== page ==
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Slow Cooking on the Kettle - Pic Heavy Pulled Pork

post #1 of 6
Thread Starter 


Here is one of the other methods I've been using for slow cooking w/ the kettle. Just flipped over the Vortex chimney so the wide end is up, and it turns the kettle into an indirect cooker as well as acts as a deflector for the meat

The Setup


Charcoal loaded around it. Foil in the middle to catch drippings and block the air coming up the center


Threw some Pecan chunks on top


Lit a few briquettes to start it






Boston Butt. Tried the 'Smoke On Wheels' Injection for this one


Butt loaded




The 'cleaner handle' is almost completely shut. Probably only open a 1/2 cm


Aiming for 250


Here it is about 2 hours into cook


Not a whole lot of charcoal consumed


Got good clean smoke going
PART 2

Just over 3 hours


The thermo and lid exhaust gets rotated opposite where the hot coals have snaked their way around


Almost to 4 hours








Not a whole lot stays lit to hold @ 250






6 hour mark. Time to foil


Showing the coals


All done w/ a little to spare


All done. The Smoke On Wheels injection is great by the way


post #2 of 6

I'm impressed. You get to the point where you're thinking, "Oh, joy, ANOTHER pork butt post. " But I'm glad I opened this one. I wonder if a deep pan could be used in place of the inverted cone, as I suspect most folks don't have a vortex cooker. This is about the most innovative way of using a kettle as a smoker I've seen. Hats off!

post #3 of 6

Looks great. I shouldn't browse the forums before lunch. You're making me hungry!

post #4 of 6

nice pork, the weber kettle is such a versatile cooker.  I love my weber.  I ve tried this method only i just placed charcoal around outside.  i like your idea to help hold coals to the outside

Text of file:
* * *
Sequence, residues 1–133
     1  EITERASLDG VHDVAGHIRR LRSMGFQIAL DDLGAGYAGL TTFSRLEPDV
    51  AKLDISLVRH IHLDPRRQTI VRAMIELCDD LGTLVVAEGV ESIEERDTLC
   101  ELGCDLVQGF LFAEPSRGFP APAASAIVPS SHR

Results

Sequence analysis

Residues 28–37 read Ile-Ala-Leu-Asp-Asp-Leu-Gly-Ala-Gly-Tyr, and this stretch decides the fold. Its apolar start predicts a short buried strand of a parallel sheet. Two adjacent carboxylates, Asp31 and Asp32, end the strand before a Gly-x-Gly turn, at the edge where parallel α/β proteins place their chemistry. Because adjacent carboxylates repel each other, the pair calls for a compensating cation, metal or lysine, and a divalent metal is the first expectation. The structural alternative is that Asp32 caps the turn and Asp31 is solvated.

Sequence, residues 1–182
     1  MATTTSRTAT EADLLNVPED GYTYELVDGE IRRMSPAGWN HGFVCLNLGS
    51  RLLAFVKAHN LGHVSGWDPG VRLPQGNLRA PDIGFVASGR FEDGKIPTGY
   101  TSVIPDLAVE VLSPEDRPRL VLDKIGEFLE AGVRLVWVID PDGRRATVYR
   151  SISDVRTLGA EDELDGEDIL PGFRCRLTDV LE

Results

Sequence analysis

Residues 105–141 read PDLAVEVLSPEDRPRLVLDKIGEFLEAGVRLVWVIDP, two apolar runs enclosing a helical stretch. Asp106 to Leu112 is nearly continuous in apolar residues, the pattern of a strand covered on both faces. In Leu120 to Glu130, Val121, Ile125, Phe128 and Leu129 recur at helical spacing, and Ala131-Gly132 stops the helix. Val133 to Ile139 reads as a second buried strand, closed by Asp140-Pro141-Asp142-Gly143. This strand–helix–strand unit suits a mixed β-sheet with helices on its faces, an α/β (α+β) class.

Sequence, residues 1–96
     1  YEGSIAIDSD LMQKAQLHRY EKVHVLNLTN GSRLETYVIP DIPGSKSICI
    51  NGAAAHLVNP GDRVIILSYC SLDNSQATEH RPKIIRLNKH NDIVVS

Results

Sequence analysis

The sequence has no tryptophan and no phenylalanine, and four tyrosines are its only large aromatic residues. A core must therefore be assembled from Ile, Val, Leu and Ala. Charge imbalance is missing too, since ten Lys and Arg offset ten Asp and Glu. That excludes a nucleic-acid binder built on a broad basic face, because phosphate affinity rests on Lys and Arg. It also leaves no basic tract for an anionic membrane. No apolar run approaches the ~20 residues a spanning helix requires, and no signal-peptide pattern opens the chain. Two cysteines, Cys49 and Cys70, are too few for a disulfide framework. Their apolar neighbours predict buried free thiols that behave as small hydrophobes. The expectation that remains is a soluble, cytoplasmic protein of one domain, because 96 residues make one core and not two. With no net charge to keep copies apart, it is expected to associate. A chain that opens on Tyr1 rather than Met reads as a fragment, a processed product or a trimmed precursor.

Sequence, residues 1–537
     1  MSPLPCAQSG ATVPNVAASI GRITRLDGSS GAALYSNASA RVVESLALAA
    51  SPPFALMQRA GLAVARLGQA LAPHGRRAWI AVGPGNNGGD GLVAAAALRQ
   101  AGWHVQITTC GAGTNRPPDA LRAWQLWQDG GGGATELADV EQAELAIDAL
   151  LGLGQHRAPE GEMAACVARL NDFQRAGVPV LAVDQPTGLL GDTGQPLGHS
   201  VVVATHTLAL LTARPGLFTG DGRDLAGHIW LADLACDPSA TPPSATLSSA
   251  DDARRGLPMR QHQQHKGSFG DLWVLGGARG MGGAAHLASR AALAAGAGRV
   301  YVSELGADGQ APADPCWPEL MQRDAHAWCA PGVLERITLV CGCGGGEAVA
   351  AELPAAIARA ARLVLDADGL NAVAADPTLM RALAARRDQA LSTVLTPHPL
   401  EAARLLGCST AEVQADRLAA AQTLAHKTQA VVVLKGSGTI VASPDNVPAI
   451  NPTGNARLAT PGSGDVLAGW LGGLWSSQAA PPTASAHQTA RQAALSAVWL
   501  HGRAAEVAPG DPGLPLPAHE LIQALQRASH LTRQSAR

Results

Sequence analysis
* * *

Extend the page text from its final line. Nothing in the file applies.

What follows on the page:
how long was the total cook?  What IT?  I ve been smoking all week and i did three butteye roasts on my weber using the smokenator and 2 boston butts on my charbroil silver.  The weber performs the same with little difference in different weather.  the off set is greatly effected by weather, especially high winds

700

post #5 of 6
Thread Starter 
Quote:
Originally Posted by Mdboatbum View Post
 

I'm impressed. You get to the point where you're thinking, "Oh, joy, ANOTHER pork butt post. " But I'm glad I opened this one. I wonder if a deep pan could be used in place of the inverted cone, as I suspect most folks don't have a vortex cooker. This is about the most innovative way of using a kettle as a smoker I've seen. Hats off!

 

Thanks!

 

Quote:
Originally Posted by greechneb View Post
 

Looks great. I shouldn't browse the forums before lunch. You're making me hungry!

 

I'm in the same boat. 1 hour before lunch and I'm looking at all these posts

 

Quote:
Originally Posted by bagbeard View Post
 

nice pork, the weber kettle is such a versatile cooker.  I love my weber.  I ve tried this method only i just placed charcoal around outside.  i like your idea to help hold coals to the outside

 

how long was the total cook?  What IT?  I ve been smoking all week and i did three butteye roasts on my weber using the smokenator and 2 boston butts on my charbroil silver.  The weber performs the same with little difference in different weather.  the off set is greatly effected by weather, especially high winds

700

 

Thanks! I took it to 165, foiled, then took off @ 195. It took about 7 hours to finish

post #6 of 6

I know how how good that butt is. That is a great way to cook. When you are watching every once in a while you can tell when a hunk of wood gets lit and the blue blue smoke starts coming out the vent.

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